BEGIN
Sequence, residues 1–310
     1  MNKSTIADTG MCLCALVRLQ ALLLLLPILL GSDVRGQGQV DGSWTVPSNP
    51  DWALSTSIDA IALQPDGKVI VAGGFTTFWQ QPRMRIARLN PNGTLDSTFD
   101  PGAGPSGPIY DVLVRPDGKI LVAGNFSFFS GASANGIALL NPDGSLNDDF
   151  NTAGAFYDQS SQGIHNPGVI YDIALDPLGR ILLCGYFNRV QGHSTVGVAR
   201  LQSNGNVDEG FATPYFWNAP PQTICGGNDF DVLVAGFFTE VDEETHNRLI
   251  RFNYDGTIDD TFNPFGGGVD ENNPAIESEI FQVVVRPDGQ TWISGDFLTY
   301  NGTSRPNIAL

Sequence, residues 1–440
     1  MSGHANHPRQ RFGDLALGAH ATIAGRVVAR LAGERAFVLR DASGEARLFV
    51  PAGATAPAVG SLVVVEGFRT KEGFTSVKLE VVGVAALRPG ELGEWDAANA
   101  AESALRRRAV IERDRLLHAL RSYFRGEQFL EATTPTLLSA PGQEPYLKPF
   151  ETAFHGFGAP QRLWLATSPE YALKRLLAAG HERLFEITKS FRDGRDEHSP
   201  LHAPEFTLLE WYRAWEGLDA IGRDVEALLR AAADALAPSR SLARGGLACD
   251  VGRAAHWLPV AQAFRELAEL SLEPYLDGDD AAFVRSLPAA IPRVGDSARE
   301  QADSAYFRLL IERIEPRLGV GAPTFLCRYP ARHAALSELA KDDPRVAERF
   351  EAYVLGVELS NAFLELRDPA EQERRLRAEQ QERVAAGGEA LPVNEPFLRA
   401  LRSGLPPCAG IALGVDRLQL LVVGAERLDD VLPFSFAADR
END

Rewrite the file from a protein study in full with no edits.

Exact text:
Sequence, residues 1–310
     1  MNKSTIADTG MCLCALVRLQ ALLLLLPILL GSDVRGQGQV DGSWTVPSNP
    51  DWALSTSIDA IALQPDGKVI VAGGFTTFWQ QPRMRIARLN PNGTLDSTFD
   101  PGAGPSGPIY DVLVRPDGKI LVAGNFSFFS GASANGIALL NPDGSLNDDF
   151  NTAGAFYDQS SQGIHNPGVI YDIALDPLGR ILLCGYFNRV QGHSTVGVAR
   201  LQSNGNVDEG FATPYFWNAP PQTICGGNDF DVLVAGFFTE VDEETHNRLI
   251  RFNYDGTIDD TFNPFGGGVD ENNPAIESEI FQVVVRPDGQ TWISGDFLTY
   301  NGTSRPNIAL

Sequence, residues 1–440
     1  MSGHANHPRQ RFGDLALGAH ATIAGRVVAR LAGERAFVLR DASGEARLFV
    51  PAGATAPAVG SLVVVEGFRT KEGFTSVKLE VVGVAALRPG ELGEWDAANA
   101  AESALRRRAV IERDRLLHAL RSYFRGEQFL EATTPTLLSA PGQEPYLKPF
   151  ETAFHGFGAP QRLWLATSPE YALKRLLAAG HERLFEITKS FRDGRDEHSP
   201  LHAPEFTLLE WYRAWEGLDA IGRDVEALLR AAADALAPSR SLARGGLACD
   251  VGRAAHWLPV AQAFRELAEL SLEPYLDGDD AAFVRSLPAA IPRVGDSARE
   301  QADSAYFRLL IERIEPRLGV GAPTFLCRYP ARHAALSELA KDDPRVAERF
   351  EAYVLGVELS NAFLELRDPA EQERRLRAEQ QERVAAGGEA LPVNEPFLRA
   401  LRSGLPPCAG IALGVDRLQL LVVGAERLDD VLPFSFAADR